Official Title: Effects of LDL Apheresis System on the Expression of Genes Involved in Lipoprotein Metabolism and Inflammation in Homozygotes for Familial Hypercholesterolemia
Study Start Date : October 2015
Actual Primary Completion Date : December 2015
Actual Study Completion Date : February 2016


Arm Intervention/treatment
Experimental: Pre-lipid apheresis
Blood samples will be taken just before the start of the lipid apheresis treatment.
Other: Pre-lipid apheresis
Blood samples will be taken just before the start of the lipid apheresis treatment.

Experimental: Post-lipid apheresis
Blood samples will be taken following the lipid apheresis treatment.
Other: Post-lipid apheresis
Blood samples will be taken following the lipid apheresis treatment.




Primary Outcome Measures :
  1. Change in mRNA expression of genes involved in cardiovascular disease using microarrays analysis. [ Time Frame: Pre-lipid apheresis (t=0h) and post-lipid apheresis (t=3h) ]

Secondary Outcome Measures :
  1. Change in serum levels of C-reactive protein [ Time Frame: Pre-lipid apheresis (t=0h) and post-lipid apheresis (t=3h) ]

Other Outcome Measures:
  1. Change in serum levels of vascular cell adhesion molecule [ Time Frame: Pre-lipid apheresis (t=0h) and post-lipid apheresis (t=3h) ]


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Ages Eligible for Study:   18 Years to 60 Years   (Adult)
Sexes Eligible for Study:   All
Accepts Healthy Volunteers:   No
Criteria

Inclusion Criteria:

  • Homozygotes for familial hypercholesterolemia who receive lipid apheresis
  • Aged between 18-60 years

Exclusion Criteria:

  • Smokers (> 1 cigarette/day)
  • Subjects with a previous history of cardiovascular disease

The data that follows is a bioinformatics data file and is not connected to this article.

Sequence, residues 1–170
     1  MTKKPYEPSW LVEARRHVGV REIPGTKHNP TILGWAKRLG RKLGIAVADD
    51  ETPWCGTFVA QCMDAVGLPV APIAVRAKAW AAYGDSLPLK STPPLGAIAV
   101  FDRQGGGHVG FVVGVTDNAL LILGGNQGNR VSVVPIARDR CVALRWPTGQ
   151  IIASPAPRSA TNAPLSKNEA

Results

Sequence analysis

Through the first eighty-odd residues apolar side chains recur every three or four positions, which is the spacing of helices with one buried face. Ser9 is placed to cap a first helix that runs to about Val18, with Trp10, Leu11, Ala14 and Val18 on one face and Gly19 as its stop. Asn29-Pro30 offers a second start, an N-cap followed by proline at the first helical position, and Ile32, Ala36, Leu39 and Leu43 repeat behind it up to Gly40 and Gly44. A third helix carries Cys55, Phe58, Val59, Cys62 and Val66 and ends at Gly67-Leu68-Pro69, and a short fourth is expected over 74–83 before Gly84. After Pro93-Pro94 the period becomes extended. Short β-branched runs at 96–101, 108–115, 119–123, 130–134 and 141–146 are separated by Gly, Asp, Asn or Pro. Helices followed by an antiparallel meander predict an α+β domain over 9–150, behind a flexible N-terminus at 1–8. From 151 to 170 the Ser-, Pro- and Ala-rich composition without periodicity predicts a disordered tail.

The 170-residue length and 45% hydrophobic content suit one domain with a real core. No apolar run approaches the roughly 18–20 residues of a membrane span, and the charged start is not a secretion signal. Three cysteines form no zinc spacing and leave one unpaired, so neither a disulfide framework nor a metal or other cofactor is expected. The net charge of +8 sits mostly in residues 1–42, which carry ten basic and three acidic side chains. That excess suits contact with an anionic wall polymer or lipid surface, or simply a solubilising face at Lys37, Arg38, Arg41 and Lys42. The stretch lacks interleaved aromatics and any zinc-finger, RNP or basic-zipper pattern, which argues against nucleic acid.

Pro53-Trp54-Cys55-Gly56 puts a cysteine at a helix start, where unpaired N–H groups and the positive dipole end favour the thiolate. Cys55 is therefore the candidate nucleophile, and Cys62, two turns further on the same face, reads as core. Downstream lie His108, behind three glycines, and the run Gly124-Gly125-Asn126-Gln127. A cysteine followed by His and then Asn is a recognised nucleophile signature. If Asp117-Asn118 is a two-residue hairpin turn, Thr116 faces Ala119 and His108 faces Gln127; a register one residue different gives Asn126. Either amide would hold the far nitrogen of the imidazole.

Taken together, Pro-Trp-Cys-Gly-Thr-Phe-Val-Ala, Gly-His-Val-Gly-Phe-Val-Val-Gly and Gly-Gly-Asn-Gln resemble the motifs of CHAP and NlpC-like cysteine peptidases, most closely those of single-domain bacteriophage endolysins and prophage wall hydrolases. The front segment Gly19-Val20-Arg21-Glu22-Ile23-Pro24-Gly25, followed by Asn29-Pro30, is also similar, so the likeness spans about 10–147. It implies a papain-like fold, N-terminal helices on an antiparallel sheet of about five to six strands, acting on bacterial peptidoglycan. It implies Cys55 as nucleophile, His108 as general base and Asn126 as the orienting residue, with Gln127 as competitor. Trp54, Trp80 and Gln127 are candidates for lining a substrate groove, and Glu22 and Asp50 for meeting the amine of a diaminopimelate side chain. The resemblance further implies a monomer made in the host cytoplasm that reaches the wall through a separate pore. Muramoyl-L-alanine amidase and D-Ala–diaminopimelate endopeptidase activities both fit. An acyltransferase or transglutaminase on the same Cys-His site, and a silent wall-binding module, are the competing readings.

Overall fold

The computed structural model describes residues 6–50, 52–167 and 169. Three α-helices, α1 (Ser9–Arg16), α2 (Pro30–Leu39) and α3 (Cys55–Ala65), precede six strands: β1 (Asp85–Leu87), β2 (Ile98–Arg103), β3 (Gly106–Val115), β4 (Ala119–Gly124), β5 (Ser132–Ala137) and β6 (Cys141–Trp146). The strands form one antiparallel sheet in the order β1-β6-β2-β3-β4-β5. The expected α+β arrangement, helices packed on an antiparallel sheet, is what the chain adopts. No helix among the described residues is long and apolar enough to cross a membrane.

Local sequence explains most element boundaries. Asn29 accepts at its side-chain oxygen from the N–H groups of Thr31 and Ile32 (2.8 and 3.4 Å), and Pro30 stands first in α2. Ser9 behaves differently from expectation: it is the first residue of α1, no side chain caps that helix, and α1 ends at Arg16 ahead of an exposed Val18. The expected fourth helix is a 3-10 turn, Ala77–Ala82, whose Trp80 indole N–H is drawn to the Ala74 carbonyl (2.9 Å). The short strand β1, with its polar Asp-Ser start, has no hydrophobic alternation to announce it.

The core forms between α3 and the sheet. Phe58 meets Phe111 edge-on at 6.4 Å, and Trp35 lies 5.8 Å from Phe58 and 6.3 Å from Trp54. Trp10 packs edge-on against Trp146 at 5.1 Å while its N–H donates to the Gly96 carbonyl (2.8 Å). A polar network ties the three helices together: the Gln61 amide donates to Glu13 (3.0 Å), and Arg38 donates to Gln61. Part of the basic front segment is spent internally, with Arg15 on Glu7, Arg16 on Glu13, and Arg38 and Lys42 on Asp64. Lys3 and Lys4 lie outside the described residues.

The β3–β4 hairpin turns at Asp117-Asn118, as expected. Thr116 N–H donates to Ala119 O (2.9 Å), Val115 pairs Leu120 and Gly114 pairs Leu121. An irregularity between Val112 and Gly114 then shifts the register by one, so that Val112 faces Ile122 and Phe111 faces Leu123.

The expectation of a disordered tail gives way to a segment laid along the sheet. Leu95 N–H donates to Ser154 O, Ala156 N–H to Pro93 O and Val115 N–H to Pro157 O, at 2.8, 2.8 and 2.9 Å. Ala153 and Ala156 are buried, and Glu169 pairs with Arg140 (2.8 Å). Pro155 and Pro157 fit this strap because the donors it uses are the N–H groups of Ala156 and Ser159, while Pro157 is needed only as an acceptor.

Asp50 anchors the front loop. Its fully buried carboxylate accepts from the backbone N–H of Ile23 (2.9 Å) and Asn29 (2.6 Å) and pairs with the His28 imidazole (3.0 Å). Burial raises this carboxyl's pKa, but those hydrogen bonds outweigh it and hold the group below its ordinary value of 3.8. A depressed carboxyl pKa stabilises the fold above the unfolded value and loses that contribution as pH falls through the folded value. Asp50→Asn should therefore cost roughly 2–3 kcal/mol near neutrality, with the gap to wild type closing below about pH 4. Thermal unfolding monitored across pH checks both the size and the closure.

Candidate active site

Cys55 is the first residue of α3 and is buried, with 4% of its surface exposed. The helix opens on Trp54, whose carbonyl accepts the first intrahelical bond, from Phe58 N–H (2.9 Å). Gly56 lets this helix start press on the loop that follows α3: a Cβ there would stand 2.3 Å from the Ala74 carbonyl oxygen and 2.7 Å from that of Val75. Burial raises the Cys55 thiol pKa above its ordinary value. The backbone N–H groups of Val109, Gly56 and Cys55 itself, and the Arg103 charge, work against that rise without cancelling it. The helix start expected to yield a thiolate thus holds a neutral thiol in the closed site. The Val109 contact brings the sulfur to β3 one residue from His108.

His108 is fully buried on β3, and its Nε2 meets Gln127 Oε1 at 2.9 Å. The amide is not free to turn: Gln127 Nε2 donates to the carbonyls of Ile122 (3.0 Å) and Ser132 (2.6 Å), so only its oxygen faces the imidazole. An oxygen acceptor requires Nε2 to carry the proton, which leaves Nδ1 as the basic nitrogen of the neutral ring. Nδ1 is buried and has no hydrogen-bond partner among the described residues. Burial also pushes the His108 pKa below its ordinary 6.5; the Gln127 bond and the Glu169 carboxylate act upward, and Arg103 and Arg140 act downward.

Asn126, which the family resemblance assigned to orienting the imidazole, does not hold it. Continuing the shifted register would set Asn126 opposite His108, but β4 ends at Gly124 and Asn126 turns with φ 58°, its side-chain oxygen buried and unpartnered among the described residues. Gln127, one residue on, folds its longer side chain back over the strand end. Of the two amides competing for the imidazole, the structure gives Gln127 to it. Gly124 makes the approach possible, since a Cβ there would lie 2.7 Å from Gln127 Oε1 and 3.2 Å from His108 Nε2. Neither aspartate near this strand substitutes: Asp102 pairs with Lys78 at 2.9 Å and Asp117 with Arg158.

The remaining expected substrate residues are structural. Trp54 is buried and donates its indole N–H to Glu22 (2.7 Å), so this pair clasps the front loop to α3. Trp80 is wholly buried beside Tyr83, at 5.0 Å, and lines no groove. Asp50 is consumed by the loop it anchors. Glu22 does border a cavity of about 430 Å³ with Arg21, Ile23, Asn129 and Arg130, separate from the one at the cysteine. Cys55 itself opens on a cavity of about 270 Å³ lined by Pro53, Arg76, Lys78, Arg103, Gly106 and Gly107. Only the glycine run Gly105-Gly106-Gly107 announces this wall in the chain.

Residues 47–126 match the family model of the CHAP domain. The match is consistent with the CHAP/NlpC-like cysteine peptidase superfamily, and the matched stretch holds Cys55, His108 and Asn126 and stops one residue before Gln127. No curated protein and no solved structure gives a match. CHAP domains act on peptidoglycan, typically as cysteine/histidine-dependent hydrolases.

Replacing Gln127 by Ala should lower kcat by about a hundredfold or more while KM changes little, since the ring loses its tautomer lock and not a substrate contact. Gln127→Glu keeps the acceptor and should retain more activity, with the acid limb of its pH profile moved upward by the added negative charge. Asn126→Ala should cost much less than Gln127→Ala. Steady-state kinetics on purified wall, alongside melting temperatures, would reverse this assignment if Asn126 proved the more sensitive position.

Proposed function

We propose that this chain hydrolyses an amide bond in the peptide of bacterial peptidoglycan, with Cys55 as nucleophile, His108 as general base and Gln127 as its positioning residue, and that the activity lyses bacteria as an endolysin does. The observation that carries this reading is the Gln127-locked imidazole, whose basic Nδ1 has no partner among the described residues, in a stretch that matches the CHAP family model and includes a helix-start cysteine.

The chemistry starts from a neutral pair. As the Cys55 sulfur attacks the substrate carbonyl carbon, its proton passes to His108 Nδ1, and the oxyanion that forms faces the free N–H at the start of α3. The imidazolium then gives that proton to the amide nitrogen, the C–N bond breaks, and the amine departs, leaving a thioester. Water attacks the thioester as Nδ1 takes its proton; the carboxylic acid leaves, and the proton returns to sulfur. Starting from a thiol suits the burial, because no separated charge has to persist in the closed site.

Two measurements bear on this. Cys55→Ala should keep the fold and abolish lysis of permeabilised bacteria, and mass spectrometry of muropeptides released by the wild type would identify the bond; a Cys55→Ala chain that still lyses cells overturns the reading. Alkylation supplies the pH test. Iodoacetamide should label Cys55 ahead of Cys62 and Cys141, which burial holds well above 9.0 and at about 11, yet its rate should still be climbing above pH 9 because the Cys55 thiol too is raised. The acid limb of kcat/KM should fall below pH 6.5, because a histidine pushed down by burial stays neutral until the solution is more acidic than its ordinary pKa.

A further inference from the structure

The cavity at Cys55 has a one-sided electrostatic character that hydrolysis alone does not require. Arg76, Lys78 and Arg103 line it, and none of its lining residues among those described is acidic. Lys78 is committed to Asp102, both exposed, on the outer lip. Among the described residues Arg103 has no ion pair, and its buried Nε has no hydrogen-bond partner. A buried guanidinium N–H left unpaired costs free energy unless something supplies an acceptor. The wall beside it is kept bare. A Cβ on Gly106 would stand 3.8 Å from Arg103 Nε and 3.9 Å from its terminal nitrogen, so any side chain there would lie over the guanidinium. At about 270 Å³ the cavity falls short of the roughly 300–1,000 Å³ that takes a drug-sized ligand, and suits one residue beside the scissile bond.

• Subjects with type 2 diabetes
  • Subjects with a monogenic dyslipidemia that it is not homozygote for familial hypercholesterolemia
  • Subjects with endocrine or gastrointestinal disorders
  • History of alcohol or drug abuse within the past 2 years
  • Subjects who are in a situation or have any condition that, in the opinion of the investigator, may interfere with optimal participation in the study.

Information from the National Library of Medicine

To learn more about this study, you or your doctor may contact the study research staff using the contact information provided by the sponsor.

Please refer to this study by its ClinicalTrials.gov identifier (NCT number): NCT02462655


Locations
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Canada
Institute of Nutrition and Functional Foods (INAF)
Quebec, Canada, G1V 0A6
Sponsors and Collaborators
Laval University
Investigators
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Principal Investigator: Patrick Couture, MD,FRCP,PhD Laval University

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Responsible Party: Patrick Couture, MD, PHD, FRCP, Laval University
ClinicalTrials.gov Identifier: NCT02462655     History of Changes
Other Study ID Numbers: LA-PBMC
First Posted: June 4, 2015    Key Record Dates
Last Update Posted: March 8, 2016
Last Verified: March 2016
Additional relevant MeSH terms:
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Hyperlipoproteinemia Type II
Hypercholesterolemia
Inflammation
Pathologic Processes
Hyperlipidemias
Dyslipidemias
Lipid Metabolism Disorders
Metabolic Diseases
Lipid Metabolism, Inborn Errors
Metabolism, Inborn Errors
Genetic Diseases, Inborn
Hyperlipoproteinemias